Sandbach, who has given us a very useful introduction to early Stoicism, examines here a problem of more interest to specialists, that concerning the possible influence of Aristotle on the first Stoic philosophers. It is his view that Aristotle's influence, if any, was of little importance, and that if the development of Stoic philosophy is to be understood, it should be seen in relation rather to ideas to be found in Plato, in the Academy and in other thinkers such as (...) Diodorus. However it is not Sandbach's purpose to explore this second, positive thesis here. The negative critique of the supposed links between Aristotle and the Stoics is the focus of the book. Sandbach starts with a survey of what was known of Aristotle's works in the third century B.C. to philosophers and non-philosophical writers. A theme is introduced here that will be emphasized throughout the book: little of Aristotle was read outside his school, and neither he nor his school were held in high regard at that time. The next chapter strengthens this position and is followed by chapters organized according to each of the parts of Stoic philosophy, in which the claims of a variety of scholars for Aristotelian influence in particular areas of Stoicism are examined and rejected. Reading these chapters is rather like going through a set of file cards containing references and brief remarks. The critique ends with a short section on what the Stoics disregarded in Aristotle's philosophy, a Conclusion, and Appendices on some later Stoics and on Ocellus Lucanus. (shrink)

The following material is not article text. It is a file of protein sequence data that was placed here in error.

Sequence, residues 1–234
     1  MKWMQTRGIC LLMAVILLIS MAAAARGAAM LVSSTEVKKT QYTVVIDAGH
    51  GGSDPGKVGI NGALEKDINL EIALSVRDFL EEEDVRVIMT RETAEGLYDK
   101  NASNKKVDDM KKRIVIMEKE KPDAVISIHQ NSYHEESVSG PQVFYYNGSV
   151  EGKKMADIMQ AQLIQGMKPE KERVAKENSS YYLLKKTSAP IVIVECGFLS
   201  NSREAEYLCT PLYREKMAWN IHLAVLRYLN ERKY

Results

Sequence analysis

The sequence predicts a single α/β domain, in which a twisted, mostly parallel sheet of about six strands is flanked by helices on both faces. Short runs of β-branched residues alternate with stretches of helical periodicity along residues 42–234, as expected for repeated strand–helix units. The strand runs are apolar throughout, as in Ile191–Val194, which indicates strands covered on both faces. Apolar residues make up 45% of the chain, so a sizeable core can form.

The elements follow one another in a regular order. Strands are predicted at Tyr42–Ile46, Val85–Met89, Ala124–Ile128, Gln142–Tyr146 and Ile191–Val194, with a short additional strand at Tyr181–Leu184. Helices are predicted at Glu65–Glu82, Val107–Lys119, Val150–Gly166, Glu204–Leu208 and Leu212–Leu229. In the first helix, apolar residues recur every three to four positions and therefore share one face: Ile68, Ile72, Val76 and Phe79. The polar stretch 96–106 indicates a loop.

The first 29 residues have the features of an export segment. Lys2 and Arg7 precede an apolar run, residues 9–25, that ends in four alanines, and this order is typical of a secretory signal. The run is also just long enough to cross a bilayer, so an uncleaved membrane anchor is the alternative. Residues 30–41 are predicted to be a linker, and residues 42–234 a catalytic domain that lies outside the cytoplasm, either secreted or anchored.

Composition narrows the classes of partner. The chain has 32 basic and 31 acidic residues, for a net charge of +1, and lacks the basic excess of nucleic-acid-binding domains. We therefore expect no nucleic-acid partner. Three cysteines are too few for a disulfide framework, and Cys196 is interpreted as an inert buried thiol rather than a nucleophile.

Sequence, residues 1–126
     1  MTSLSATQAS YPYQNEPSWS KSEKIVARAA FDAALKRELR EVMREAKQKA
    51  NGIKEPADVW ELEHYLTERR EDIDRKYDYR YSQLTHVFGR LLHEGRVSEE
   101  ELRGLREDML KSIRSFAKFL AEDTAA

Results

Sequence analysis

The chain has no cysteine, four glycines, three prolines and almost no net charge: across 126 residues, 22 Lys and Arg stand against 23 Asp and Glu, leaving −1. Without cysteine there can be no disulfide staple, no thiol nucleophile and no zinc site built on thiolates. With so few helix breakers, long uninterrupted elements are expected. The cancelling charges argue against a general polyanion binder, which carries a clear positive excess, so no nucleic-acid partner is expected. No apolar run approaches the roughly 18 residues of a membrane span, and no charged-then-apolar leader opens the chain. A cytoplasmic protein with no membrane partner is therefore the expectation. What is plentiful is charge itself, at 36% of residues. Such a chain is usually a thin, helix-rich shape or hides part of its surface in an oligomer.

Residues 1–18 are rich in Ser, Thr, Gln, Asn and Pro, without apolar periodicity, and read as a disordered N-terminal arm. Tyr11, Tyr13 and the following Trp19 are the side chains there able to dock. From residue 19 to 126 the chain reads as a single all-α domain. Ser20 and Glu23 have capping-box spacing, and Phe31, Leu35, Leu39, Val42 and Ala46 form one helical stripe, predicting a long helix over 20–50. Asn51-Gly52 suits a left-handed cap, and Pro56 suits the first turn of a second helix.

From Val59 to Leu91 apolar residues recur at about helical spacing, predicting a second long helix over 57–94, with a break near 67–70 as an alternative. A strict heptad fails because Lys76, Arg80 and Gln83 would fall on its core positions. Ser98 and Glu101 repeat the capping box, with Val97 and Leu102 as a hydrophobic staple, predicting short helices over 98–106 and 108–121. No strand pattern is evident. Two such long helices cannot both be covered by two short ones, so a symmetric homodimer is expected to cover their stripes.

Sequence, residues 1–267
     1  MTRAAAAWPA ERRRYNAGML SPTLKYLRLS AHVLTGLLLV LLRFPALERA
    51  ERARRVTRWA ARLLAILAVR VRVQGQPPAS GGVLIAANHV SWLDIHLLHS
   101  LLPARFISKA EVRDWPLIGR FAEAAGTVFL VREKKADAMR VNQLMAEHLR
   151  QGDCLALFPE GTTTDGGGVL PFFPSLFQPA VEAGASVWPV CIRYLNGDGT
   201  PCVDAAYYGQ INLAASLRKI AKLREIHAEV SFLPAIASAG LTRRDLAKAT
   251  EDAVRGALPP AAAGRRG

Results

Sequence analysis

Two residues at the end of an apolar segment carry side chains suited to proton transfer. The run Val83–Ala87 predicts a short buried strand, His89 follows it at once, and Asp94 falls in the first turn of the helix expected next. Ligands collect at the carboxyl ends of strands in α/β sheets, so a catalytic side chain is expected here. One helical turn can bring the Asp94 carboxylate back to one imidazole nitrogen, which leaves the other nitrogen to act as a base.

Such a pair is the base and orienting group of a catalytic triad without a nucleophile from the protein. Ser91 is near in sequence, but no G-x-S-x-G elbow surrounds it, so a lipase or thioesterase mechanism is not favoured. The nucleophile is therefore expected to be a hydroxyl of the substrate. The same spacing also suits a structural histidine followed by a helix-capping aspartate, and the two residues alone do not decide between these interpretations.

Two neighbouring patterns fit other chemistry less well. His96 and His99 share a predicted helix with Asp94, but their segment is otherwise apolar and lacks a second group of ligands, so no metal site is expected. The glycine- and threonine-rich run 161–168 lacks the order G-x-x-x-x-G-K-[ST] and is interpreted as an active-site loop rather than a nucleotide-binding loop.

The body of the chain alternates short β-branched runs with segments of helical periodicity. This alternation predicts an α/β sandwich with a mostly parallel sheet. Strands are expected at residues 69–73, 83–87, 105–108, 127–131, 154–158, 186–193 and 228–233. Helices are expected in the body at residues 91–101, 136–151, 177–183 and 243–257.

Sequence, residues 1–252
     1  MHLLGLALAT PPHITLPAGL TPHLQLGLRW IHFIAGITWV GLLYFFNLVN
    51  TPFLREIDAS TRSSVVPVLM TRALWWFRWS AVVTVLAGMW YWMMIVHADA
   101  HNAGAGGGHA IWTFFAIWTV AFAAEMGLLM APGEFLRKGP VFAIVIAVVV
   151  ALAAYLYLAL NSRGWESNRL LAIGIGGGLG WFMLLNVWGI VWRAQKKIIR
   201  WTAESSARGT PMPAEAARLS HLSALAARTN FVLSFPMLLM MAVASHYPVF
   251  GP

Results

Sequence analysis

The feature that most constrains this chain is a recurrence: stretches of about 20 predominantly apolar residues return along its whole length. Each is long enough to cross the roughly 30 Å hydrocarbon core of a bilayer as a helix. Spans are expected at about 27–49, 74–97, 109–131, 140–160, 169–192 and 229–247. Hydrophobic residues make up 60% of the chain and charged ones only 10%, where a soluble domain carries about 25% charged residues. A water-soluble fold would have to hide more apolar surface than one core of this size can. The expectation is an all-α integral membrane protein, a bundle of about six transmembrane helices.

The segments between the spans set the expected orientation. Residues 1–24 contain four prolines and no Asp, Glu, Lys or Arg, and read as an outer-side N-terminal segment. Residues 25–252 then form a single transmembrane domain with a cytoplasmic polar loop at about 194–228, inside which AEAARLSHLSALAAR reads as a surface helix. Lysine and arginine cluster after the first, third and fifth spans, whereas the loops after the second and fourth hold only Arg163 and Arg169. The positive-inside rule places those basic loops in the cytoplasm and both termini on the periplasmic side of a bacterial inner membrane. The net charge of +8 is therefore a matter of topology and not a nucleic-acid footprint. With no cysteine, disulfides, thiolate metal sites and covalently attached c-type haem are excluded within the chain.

This book consists of essays exploring aspects of a single theme, philosophy as an effort to transform our vision of, and being in, the world. The first and second essays show that the Christian tradition of "spiritual exercises" is inspired by a similar tradition in pagan philosophy. The first essay indeed argues that ancient philosophy is to be understood in the main, not as a variety of doctrinal systems, but as an attempt to transform the soul by means of techniques (...) which can properly be referred to as "spiritual exercises." For example, Stoicism teaches, not an abstract theory, but a new way of life achieved through training the logos in us. Epicureanism also aims at changing our lives through the use of various exercises. Hadot then points to Socrates' interest in "care of the soul" and to the function of Socratic and Platonic dialogue in training the soul of the participant/reader so as to "turn it around." Hadot concludes this first major essay by noting that to treat ancient philosophies as if they were attempts at system-building is to misunderstand their character. The third essay is an important study of the figure of Socrates as a transformer of souls. The themes of irony and eros in particular are explored and compared to their recurrence in Kierkegaard and Nietzsche. This is followed by another major essay, which shows that Marcus Aurelius' Meditations are not at all the sort of autobiographical journal that they are usually assumed to be. They are in fact a Stoic manual of spiritual exercises. One specific training technique is examined, that of "physical definition." This and two other techniques are shown in the next essay to constitute the organizational principle of Marcus Aurelius' apparently disorganized work and to derive from Epictetus. The following essay establishes the influence Marcus Aurelius' work had on the French historian Michelet. The book concludes with a very general survey of the theme of "conversion," considered from religious, philosophical, social, and psychological points-of-view, and with an essay on the limitations of language in Greek philosophy and in Wittgenstein. Hadot demonstrates in this book a deep and unusually comprehensive knowledge of ancient philosophy and an ability to throw new light on aspects not only of ancient philosophy but also of the Western cultural tradition and indeed of human nature.--Dominic J. O'Meara, Université de Fribourg. (shrink)